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School shoots slick film as alternative to Nativity show

Dunbar Primary's film included shots on the town's streets

Dunbar Primary's film included shots on the town's streets

NATIVITY plays are usually performed in a draughty hall to a host of adoring, camera-toting parents.

But one East Lothian school has taken the heart-warming seasonal offering to a whole new level – by filming a slick mini Nativity film on location, incorporating well-known landmarks and co-operation from delighted townsfolk.

The video by Dunbar Primary pupils has been viewed more than 1500 times since it was posted on social media website YouTube a week ago. It premiered at a special screening in Dunbar Parish Church on Tuesday to a standing 
ovation.

Watch the video here

Primary five students were cast in the roles of Mary, Joseph and their donkey, along with the three Wise Men and a host of shepherds, as part of the six-minute film shot last month.

Mary, played by nine-year-old Caitlin Craig, is visited by an angel while doing her washing in Dunbar’s Countess Launderette in the opening scenes of the film, dubbed A Scottish Christmas Tale.

Local haunts such as the Rossborough, Royal Mackintosh and The Rocks hotels also play starring roles as the string of inns that turn the parents of Jesus away.

Each of the involved venues appear in the credits and have been sent a copy of the video as thanks.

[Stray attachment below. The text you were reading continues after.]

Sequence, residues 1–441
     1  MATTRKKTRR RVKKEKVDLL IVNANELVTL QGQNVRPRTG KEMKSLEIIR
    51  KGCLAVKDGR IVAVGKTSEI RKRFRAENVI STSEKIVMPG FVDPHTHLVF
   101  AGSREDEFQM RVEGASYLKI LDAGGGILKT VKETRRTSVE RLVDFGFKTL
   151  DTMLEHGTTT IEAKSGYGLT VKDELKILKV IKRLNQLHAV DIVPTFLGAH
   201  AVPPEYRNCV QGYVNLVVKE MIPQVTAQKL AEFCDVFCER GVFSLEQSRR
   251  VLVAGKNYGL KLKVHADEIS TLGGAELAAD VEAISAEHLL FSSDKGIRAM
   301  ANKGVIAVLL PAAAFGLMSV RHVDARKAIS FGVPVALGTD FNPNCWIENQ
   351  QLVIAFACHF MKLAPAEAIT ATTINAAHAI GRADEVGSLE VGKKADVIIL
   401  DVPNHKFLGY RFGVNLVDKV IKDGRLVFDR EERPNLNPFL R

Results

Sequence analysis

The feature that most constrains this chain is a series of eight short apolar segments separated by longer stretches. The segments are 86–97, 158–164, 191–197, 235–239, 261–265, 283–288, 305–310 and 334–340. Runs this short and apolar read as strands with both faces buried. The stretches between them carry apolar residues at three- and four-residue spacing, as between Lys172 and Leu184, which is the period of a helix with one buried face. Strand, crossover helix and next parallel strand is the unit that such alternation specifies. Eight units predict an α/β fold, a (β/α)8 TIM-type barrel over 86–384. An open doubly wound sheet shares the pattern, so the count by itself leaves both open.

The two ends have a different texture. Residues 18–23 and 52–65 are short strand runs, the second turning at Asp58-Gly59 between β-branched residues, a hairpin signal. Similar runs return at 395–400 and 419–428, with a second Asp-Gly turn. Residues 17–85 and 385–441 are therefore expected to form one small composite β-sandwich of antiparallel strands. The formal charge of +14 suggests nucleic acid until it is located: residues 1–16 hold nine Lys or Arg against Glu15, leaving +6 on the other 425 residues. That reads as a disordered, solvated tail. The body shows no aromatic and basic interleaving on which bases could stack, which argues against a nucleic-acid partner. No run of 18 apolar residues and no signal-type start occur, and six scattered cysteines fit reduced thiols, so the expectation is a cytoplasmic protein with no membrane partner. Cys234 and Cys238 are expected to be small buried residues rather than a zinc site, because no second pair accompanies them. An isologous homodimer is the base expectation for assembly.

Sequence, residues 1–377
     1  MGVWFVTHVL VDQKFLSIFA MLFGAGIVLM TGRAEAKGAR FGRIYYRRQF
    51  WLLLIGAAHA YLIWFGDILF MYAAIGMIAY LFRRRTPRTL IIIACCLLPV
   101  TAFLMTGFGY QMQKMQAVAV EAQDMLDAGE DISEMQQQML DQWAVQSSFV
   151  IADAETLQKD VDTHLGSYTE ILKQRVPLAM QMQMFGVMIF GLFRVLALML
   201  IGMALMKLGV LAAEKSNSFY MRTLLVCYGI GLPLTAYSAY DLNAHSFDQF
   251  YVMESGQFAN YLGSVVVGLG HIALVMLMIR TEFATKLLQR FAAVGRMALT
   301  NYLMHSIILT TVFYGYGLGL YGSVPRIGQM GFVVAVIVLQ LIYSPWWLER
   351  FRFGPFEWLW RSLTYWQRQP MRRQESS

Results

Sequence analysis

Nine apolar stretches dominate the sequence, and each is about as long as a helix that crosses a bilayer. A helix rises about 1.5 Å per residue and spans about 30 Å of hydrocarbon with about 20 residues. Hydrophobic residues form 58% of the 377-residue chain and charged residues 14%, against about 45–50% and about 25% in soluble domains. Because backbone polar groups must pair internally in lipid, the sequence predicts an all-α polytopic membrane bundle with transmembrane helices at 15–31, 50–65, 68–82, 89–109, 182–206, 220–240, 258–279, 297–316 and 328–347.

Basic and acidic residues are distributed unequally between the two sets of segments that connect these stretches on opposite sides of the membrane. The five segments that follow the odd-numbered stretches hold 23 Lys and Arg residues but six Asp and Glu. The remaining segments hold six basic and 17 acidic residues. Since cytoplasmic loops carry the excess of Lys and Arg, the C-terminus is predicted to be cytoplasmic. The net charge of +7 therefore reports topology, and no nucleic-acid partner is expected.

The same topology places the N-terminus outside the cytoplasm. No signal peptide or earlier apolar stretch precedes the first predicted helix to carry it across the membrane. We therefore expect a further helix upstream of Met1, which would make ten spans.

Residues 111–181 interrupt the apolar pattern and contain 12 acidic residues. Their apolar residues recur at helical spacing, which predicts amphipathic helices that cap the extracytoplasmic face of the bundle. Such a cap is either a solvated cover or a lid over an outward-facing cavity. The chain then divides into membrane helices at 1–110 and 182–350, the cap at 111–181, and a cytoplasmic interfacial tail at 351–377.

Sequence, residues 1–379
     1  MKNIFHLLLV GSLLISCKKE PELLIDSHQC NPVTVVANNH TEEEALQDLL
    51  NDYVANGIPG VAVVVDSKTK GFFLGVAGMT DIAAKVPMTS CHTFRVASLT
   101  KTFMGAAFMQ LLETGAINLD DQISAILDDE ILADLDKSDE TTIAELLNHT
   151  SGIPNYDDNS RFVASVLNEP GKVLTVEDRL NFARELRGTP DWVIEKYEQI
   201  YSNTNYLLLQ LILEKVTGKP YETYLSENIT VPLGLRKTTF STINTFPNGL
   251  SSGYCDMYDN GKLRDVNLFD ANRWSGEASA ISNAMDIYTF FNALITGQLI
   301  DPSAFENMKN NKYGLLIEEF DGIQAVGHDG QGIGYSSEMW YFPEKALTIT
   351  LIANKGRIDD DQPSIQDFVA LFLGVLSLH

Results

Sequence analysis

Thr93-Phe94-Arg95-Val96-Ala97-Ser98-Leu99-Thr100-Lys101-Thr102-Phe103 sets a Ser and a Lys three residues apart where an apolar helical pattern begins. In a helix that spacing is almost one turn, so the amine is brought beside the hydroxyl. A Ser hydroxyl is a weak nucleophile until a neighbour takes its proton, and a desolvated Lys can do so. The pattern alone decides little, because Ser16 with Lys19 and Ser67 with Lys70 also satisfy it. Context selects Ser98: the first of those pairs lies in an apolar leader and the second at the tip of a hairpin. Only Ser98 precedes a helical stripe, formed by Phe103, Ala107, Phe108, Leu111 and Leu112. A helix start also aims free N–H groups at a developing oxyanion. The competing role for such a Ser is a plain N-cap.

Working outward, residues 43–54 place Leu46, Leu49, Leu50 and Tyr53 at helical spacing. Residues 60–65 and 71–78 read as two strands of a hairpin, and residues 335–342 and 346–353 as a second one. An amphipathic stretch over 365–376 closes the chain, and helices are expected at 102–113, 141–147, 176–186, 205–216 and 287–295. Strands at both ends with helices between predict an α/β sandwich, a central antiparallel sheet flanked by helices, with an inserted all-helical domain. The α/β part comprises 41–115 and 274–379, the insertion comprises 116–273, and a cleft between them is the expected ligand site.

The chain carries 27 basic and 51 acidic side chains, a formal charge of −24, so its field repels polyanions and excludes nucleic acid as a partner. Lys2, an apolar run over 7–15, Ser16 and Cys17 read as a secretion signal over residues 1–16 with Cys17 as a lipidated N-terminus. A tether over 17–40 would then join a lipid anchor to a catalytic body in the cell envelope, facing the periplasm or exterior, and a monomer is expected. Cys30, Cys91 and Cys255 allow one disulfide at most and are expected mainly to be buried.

School depute head Heather Hackett said the idea of the Scottish retelling had sprung from students producing her their own interpretation of the Nativity story.

She said: “We took so many children from each class and got them to tell me the Christmas story and I wrote it as they told me. We set up a running order of how to do it and then we cast it. There were children from every class – the stars of the show, shall we say.

“In schools we always do a Nativity. It’s usually the infants, but we decided we wanted to do something for the church service. Rather than the children perform on the day and then you’ve got the stress of rehearsals and you’ve got the stress of if they forget their words or if somebody’s ill, we thought it’d be better if we did it as a film and then we just sit and watch it.”

All 120 students from the school’s four primary five classes appear at some point in the film, which was shot over just three days.

Students Lewis Bell, nine, and Molly Hardie, eight, were cast in the roles of Joseph and the donkey. Lewis said; “It was really good.”

 

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